Connection to the CAN bus
CAN bus is a twisted pair (two wires twisted around each other). To find the CAN bus in your vehicle, refer to the wiring diagrams, otherwise it will be difficult to find it within the vehicle.
Once it is located, you can connect to it via a CAN Crocodile contactless reader (recommended) or connect to it directly.
Find out the vehicle brand, model and year of manufacture before connecting to its CAN bus.
Check the vehicle manuals to make sure that the CAN bus monitors fuel level data. Unless it does, the other steps will make no sense.
Go to the tracker manufacturer’s website to select a CAN module brand that fits.
Choose the CAN module type/model based on your vehicle or heavy equipment type.CODE
For instance, Teltonika requires different CAN module for cars (LV-CAN 200) and for trucks (ALLCAN 300).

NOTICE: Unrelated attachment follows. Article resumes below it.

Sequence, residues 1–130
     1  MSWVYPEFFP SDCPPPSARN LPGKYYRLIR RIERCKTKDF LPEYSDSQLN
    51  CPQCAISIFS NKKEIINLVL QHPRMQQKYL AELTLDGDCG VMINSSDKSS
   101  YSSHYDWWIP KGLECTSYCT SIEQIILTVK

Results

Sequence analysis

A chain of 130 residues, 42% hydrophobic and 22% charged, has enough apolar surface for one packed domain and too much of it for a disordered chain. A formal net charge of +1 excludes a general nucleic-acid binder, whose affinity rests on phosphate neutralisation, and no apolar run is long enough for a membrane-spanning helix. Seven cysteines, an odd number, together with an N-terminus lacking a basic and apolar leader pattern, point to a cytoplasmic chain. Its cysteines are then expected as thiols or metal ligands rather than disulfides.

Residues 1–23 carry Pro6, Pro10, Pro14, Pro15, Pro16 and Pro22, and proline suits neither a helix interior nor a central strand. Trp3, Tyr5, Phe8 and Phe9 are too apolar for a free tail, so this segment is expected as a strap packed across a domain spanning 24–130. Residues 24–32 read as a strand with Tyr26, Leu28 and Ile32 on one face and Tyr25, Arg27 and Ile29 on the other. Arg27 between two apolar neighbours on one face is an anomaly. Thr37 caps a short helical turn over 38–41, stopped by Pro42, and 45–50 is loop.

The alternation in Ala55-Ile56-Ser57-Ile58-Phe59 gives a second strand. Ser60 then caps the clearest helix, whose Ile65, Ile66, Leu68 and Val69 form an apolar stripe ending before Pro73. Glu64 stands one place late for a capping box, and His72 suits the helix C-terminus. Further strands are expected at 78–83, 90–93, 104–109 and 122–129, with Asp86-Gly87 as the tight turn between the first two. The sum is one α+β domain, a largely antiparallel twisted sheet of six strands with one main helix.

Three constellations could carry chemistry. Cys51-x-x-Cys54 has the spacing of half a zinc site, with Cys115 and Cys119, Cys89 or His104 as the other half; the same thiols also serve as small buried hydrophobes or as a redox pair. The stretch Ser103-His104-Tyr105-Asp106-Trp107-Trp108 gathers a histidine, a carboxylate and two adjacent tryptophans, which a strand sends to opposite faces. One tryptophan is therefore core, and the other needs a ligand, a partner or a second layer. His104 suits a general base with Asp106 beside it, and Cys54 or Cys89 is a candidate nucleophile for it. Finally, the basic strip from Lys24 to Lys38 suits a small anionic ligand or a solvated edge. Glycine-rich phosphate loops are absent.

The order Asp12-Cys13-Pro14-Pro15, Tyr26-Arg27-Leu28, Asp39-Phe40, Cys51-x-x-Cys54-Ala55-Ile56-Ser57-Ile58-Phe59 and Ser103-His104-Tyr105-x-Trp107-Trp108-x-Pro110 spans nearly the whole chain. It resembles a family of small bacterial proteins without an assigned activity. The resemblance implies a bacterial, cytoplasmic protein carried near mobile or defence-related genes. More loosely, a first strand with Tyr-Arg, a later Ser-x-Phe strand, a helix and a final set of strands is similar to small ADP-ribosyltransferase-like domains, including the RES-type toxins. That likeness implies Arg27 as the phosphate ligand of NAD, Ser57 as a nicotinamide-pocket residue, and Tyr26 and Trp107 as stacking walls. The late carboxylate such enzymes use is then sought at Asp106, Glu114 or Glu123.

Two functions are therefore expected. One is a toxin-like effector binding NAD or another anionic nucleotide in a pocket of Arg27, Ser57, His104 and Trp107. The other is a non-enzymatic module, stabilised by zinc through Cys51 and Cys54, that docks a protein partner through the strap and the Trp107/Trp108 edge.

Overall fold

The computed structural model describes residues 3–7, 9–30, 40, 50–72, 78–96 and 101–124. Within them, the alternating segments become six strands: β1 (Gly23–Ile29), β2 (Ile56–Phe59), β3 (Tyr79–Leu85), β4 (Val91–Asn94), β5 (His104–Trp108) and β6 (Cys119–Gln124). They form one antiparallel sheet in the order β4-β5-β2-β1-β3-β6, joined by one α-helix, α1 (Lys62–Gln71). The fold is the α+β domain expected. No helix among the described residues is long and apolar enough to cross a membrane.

Ask the CAN module vendor to supply a connection diagram for your vehicle brand, model and year of manufacture. Usually it takes not more than 30 min to find the right diagram.
Connect the CAN module the way it is shown in the diagram.
Use a a mini-USB to USB cable to connect the CAN module to the dashboard and the laptop with pre-downloaded setup software.
Insert the number given in the diagram to set up the CAN module.
Disconnect the CAN module from the laptop and connect it to the GPS tracker.
Perform a lite tank calibration.
The installation will take approximately 30 minutes (considering the diagram is available).
Fuel sensor outputs
As of 2018, the most common outputs to connect to GPS trackers were:
For factory installed trackers:
For additionally installed trackers:
Bluetooth radio interface
Other radio interface
Equipment: Fuel sensor with analogue output, GPS tracker with analogue input
Specifications: in this case fuel level data is transmitted to the GPS tracker as voltage (potential difference between the sensor output and the ground, DC). The higher the fuel level, the higher the potential difference is.
For instance, 1V stands for an empty tank, 10V stands for a full tank. A tank calibration is required to convert the volts into litres or gallons.